The bill managed to get the support of several groups that are normally at each others' throats: music publishers, record labels, songwriters, major technology companies, and digital rights groups.

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Despite data caps and throttling, industry says mobile can replace home Internet

Ars Technica - 1 hour 3 min ago

Enlarge (credit: Getty Images | Jenner Images)

AT&T and Verizon are trying to convince the Federal Communications Commission that mobile broadband is good enough for Internet users who don't have access to fiber or cable services.

The carriers made this claim despite the data usage and speed limitations of mobile services. In the mobile market, even "unlimited" plans can be throttled to unusable speeds after a customer uses just 25GB or so a month. Mobile carriers impose even stricter limits on phone hotspots, making it difficult to use mobile services across multiple devices in the home.

The carriers ignored those limits in filings they submitted for the FCC's annual review of broadband deployment.

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Newegg data breach exposed customer credit card info, says report - CNET - News - 1 hour 57 min ago
The popular online retailer is the latest victim of hacking group Magecart, a security firm says.

Is Amazon about to take on Sonos with a high-end Alexa speaker? (The 3:59, Ep. 460) - CNET - News - 2 hours 5 min ago
Special guest David Katzmaier helps break down the prospect of top-notch audio from Amazon, plus what's new in Apple's TV-system update.

See a satellite play Spider-Man and net space junk in orbit - CNET - News - 2 hours 7 min ago
The RemoveDebris satellite just proved it could snare space junk by shooting a net.

Nintendo Switch Online is officially live: Here's what's included - CNET - News - 2 hours 7 min ago
Nintendo goes pay-to-play online for the first time. Here's what you'll need to pay and what you'll get once you sign up for the service.

I tried Angry Birds in Magic Leap's augmented reality - CNET - News - 2 hours 19 min ago
Commentary: The Angry Birds and Bad Piggies are seriously coming to Magic Leap, and it's exactly what you'd expect.

Heads up: Get ready to tune in live and watch us probe insider threats menacing today's IT

The Register - 2 hours 20 min ago
Your video guide to locking down systems – and then fire questions our way

Promo On September 26 at 10:00 PT / 11:00 MT / 13:00 ET / 18:00 BST we're broadcasting live with an exploration of insider threats to enterprises and other organizations.…

Google shows off 20 Assistant tricks on the company's anniversary - CNET - News - 2 hours 22 min ago
You're not limited to typing in a search box like you were 20 years ago.

IOS 12.1 setup hints at new iPad this fall, report says - CNET - News - 2 hours 22 min ago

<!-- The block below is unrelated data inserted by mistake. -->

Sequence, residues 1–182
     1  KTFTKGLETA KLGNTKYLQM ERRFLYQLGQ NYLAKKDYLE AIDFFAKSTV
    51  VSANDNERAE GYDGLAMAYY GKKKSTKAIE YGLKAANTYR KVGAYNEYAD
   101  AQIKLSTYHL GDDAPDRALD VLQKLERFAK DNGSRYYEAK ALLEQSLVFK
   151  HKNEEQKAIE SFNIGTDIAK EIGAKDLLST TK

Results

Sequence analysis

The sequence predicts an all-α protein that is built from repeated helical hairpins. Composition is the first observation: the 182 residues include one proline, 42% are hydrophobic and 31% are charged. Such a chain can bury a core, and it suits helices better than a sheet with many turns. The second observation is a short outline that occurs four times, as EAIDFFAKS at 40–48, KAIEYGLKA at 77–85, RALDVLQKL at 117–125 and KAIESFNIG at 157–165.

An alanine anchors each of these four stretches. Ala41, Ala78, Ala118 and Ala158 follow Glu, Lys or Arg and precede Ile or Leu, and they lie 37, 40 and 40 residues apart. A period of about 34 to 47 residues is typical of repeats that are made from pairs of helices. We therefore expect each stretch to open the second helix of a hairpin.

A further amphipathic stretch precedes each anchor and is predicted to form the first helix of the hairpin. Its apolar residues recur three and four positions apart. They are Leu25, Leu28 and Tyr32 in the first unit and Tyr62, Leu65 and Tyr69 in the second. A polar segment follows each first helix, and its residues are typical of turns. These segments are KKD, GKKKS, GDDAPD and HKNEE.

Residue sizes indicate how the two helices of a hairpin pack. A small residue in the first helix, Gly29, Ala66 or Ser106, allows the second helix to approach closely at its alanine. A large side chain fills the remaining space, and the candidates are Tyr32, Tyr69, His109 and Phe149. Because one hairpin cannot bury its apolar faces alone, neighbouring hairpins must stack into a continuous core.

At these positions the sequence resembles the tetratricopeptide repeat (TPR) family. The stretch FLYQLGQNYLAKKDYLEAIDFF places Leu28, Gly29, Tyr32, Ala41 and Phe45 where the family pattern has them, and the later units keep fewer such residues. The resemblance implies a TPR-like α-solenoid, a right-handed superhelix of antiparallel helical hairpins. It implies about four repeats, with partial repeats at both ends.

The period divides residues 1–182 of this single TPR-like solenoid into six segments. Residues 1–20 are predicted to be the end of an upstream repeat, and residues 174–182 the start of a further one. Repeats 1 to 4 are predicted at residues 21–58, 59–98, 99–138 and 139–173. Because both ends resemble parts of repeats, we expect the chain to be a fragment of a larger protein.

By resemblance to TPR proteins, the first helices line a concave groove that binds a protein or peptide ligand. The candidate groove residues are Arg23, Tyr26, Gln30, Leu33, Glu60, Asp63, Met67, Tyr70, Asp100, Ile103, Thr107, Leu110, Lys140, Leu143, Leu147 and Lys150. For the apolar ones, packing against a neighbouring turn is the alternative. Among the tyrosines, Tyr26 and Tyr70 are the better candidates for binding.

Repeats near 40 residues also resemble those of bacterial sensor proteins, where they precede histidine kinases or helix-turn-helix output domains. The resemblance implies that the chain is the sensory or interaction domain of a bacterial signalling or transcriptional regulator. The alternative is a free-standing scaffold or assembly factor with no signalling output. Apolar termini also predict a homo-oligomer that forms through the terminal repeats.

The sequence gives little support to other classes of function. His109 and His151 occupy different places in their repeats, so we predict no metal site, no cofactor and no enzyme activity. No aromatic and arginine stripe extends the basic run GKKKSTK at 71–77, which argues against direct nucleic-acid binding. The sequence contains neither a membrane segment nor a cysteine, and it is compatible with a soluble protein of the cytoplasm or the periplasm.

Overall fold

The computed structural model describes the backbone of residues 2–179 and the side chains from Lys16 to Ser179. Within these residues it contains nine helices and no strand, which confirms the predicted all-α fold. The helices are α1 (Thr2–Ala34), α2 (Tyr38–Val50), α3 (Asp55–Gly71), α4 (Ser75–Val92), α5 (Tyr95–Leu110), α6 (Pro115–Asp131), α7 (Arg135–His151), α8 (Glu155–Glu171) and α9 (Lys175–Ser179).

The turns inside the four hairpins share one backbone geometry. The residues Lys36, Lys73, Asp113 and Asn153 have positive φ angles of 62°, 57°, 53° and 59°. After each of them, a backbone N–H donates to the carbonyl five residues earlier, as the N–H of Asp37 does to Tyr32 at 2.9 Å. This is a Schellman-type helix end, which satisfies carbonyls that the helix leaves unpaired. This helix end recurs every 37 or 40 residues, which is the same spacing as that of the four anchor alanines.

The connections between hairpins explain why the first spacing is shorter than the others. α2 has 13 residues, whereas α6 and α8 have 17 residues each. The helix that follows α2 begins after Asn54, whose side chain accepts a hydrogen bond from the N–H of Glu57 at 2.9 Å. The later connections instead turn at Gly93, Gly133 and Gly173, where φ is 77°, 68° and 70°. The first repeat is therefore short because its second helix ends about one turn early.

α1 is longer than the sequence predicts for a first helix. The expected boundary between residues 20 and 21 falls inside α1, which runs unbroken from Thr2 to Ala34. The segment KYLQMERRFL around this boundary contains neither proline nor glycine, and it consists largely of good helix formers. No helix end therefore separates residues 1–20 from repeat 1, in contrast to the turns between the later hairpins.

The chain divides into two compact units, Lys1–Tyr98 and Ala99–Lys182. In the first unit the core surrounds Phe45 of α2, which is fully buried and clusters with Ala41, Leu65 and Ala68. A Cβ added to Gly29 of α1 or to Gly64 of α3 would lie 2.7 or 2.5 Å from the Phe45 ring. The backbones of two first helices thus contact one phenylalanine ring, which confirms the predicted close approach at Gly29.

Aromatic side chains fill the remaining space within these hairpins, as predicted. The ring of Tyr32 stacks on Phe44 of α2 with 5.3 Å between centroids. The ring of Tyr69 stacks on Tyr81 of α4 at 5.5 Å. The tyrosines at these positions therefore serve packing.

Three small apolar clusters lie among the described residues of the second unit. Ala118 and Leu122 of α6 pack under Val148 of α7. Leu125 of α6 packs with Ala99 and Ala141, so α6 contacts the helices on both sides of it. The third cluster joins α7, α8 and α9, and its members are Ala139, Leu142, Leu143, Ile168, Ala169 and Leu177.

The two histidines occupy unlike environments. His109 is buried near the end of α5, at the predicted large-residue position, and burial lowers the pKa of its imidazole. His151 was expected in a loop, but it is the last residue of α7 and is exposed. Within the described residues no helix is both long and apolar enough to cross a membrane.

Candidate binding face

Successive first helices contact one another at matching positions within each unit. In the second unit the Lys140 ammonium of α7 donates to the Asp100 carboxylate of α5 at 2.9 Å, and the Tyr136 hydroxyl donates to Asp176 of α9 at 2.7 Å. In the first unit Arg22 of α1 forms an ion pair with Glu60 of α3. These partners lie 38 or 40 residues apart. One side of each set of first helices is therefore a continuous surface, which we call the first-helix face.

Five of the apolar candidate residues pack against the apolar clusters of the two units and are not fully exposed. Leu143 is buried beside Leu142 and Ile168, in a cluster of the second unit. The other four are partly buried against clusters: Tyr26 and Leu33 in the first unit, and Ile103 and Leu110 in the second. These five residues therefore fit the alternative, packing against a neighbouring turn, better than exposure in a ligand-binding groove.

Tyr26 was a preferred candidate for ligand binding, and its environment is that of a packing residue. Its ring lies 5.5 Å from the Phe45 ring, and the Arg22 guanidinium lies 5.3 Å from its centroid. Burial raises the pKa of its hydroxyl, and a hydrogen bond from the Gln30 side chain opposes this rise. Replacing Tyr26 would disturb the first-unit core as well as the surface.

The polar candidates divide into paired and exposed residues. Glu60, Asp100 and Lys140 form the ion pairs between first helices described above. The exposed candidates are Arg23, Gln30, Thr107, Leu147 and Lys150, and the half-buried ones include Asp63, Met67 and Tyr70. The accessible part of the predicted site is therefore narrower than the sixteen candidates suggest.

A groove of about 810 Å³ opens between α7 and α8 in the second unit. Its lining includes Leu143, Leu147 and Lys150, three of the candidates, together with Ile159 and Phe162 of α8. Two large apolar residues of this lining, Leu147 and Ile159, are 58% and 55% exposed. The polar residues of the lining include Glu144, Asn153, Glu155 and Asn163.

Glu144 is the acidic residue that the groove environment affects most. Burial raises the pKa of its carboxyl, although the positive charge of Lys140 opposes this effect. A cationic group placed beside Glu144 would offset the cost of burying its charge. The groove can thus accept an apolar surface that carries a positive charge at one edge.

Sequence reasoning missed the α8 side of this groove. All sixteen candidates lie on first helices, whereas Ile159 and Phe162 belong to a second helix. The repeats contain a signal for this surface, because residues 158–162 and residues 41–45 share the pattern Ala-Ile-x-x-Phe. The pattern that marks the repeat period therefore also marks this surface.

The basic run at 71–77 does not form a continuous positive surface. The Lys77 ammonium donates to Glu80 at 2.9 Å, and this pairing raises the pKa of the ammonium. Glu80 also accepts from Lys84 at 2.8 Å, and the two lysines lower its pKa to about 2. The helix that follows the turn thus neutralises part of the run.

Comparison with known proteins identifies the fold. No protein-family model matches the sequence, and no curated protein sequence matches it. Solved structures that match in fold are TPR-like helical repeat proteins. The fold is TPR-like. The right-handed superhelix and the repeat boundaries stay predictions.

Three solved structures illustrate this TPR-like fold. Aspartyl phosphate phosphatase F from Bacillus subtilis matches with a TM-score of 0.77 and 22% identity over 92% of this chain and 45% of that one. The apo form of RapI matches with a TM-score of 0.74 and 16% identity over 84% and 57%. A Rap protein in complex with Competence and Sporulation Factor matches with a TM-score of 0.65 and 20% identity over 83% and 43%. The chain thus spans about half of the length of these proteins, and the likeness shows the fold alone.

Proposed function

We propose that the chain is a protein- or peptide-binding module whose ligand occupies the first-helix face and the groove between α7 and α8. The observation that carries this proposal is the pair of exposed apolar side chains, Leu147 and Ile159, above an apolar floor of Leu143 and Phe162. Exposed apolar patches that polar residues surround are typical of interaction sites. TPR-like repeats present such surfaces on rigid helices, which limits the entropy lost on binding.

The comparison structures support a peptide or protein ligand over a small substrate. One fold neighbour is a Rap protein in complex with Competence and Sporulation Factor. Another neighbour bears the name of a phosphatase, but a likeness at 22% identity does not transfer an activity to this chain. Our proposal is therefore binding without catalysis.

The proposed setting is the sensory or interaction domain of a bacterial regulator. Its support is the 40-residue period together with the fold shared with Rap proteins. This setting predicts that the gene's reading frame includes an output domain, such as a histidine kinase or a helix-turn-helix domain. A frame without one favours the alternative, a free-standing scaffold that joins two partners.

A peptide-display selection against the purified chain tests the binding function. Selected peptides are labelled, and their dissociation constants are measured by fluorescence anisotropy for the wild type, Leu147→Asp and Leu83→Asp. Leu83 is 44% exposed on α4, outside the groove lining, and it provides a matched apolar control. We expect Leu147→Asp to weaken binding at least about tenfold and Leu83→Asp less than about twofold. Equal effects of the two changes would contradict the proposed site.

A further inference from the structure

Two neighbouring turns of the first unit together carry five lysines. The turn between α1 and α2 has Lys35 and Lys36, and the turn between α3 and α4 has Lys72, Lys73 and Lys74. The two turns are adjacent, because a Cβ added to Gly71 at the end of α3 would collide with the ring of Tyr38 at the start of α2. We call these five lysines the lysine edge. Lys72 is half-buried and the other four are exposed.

A new entry for "iPad2018Fall" in iOS 12.1 has apparently appeared in its onboarding code.

Buy a Minecraft, Fortnite or Jack Black-themed Xbox and support Make-A-Wish - CNET - News - 2 hours 34 min ago
Game developers and celebrities are coming together to help raise money for the kids' charity.

Yet another report shows diversity is slow in coming to tech - CNET - News - 2 hours 45 min ago
An annual report from strikes a familiar note.

Apple iPhone XS review: A slight notch above the iPhone X - CNET - Reviews - 3 hours 1 min ago
This year's iPhone is hard to judge without seeing the iPhone that's not yet here.

Fortnite star Ninja is first gamer to land ESPN cover - CNET - News - 3 hours 4 min ago
The gaming-focused issue will hit newsstands later this month.

3D-printed gun pioneer Cody Wilson accused of having sex with underage girl

Ars Technica - 3 hours 7 min ago

Enlarge / Cody Wilson, owner of Defense Distributed company, holds a 3D-printed gun, called the "Liberator," in his factory in Austin, Texas, on August 1, 2018. (credit: KELLY WEST/AFP/Getty Images)

Cody Wilson, the 3D-printed gun rights activist, has a warrant out for his arrest, according to an affidavit partially published Wednesday by an Austin-based reporter, Tony Plohetski.

NOW: This court record describes the allegation against Wilson.

— Tony Plohetski (@tplohetski) September 19, 2018

According to the document, which was also described by KVUE, Wilson is accused of meeting a girl under the age of 17 through a website known as and paying her $500 for sex last month in Austin, where Wilson lives.

Wilson allegedly used the username "Sanjuro," a seeming reference to a 1962 Japanese film directed by Akira Kurosawa. At some point, according to the affidavit, which was described by the Austin American Statesman, Sanjuro identified himself as Cody Wilson and further indicated that he was a "big deal." Wilson also allegedly exchanged nude photos with the girl.

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Jellyfish robots to watch over endangered coral reefs

BBC Technology News - 3 hours 8 min ago
The soft-bodied machines are designed to explore fragile marine ecosystems without causing damage.